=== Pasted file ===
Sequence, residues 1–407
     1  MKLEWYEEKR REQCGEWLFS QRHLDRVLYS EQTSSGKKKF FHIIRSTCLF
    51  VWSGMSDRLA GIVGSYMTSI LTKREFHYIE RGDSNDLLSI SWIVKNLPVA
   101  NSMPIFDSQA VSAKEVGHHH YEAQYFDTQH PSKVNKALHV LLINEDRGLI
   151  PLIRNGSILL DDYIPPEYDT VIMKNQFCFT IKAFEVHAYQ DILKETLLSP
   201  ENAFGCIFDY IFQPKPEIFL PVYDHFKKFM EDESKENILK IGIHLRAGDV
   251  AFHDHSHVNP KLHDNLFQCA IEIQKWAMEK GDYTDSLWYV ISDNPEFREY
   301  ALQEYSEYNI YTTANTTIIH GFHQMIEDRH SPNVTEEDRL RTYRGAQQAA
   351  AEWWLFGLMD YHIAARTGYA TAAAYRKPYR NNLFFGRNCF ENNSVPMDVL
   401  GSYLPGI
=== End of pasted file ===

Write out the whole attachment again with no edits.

Sequence, residues 1–407
     1  MKLEWYEEKR REQCGEWLFS QRHLDRVLYS EQTSSGKKKF FHIIRSTCLF
    51  VWSGMSDRLA GIVGSYMTSI LTKREFHYIE RGDSNDLLSI SWIVKNLPVA
   101  NSMPIFDSQA VSAKEVGHHH YEAQYFDTQH PSKVNKALHV LLINEDRGLI
   151  PLIRNGSILL DDYIPPEYDT VIMKNQFCFT IKAFEVHAYQ DILKETLLSP
   201  ENAFGCIFDY IFQPKPEIFL PVYDHFKKFM EDESKENILK IGIHLRAGDV
   251  AFHDHSHVNP KLHDNLFQCA IEIQKWAMEK GDYTDSLWYV ISDNPEFREY
   301  ALQEYSEYNI YTTANTTIIH GFHQMIEDRH SPNVTEEDRL RTYRGAQQAA
   351  AEWWLFGLMD YHIAARTGYA TAAAYRKPYR NNLFFGRNCF ENNSVPMDVL
   401  GSYLPGI